cheers,
Joopy
Your not as I agree 100% with your comments. Integrity and morals can be a hard thing to find in todays society. Too much of "all about me" and "well everybody else is doing it" so why not me to. Am I perfect? No, I just try and do what's right and use common sense in todays society.
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Old 01-30-2016, 08:22 AM   #40
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Old 01-30-2016, 09:51 AM   #41
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Quote:
Originally Posted by Jupiter View Post
After considerable thought, I'm going to go ahead and post a response that may not be received very well by some, but I'll stand by my thoughts and take any backlash standing up.

I've used a dash cam for over two years now for essentially the same reasons as most folks. It's good to have video evidence if the situation arises. While reading the posts on this particular thread I can't help but be impressed by how many folks are willing to "ditch" or "hide" video evidence that may incriminate them as being at fault in a situation. We all want the video evidence to protect us from folks that may be less than honest (and rightly so), but why are we okay with not owning up to responsibility if we made a mistake?

To each their own. But personally, if I make the mistake I'm going to stand up and take responsibility. That's why I'm insured. Among other key values, how can I speak to my children and grandchildren of the importance of integrity if I don't live it myself? I've always taught them that integrity means doing the right thing when no one can see you.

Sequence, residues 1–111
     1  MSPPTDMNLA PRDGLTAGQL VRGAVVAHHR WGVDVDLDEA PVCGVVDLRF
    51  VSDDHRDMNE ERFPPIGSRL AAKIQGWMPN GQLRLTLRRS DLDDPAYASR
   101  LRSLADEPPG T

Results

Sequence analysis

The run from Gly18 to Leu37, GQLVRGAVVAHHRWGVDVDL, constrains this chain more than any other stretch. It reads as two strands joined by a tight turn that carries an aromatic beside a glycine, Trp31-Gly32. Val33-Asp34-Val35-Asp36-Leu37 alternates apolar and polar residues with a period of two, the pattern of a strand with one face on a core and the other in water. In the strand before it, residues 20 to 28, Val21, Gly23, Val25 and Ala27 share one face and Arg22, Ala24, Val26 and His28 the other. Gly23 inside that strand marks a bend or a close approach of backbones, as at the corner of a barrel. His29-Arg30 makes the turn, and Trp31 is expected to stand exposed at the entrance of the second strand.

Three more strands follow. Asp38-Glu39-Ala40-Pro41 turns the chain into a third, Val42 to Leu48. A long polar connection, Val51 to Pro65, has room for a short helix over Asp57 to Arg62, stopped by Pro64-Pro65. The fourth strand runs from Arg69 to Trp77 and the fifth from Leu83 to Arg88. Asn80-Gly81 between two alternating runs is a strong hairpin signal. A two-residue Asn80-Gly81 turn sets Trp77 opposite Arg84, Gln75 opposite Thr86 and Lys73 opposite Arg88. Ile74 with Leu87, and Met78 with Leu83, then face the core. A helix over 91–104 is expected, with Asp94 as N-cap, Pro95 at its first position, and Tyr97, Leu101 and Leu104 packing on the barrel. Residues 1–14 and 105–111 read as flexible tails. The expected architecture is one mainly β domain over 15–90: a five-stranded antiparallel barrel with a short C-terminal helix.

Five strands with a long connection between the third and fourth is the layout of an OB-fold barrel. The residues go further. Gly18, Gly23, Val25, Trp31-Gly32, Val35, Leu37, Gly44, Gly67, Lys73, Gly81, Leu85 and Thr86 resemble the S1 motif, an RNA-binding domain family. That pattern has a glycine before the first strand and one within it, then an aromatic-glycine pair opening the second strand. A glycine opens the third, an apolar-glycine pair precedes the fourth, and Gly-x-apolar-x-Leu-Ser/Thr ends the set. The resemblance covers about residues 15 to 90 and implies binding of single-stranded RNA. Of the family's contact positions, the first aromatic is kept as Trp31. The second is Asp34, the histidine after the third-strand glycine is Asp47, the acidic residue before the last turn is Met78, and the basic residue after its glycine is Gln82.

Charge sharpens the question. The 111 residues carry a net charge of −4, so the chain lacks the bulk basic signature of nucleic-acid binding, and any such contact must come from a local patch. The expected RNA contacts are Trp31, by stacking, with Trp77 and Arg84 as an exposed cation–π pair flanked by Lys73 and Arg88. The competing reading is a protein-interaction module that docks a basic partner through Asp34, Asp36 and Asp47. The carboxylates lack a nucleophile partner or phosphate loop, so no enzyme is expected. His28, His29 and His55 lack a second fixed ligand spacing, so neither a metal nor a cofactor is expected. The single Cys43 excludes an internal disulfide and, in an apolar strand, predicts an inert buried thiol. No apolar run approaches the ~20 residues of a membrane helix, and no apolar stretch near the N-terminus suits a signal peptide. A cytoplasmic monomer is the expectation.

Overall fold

Sorry if my differing thoughts offends anyone. I'm speaking to the group and therefore sincerely not meant to be offensive to any individuals. I simply felt compelled to offer another perspective to this interesting topic. Frankly, I don't think I'm alone in this way of thinking.

cheers,
Joopy
Thank you for standing up for what's right!
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Old 01-30-2016, 12:42 PM   #42
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I echo the sentiments. Jupiter is right. Doing the right thing is the right thing.

The rest is just money. In the case of lying when you make a mistake, and you have insurance, you may not even be lying to save your own money.

Although very common, lying for money is among the weakest of reasons to take that wrong road.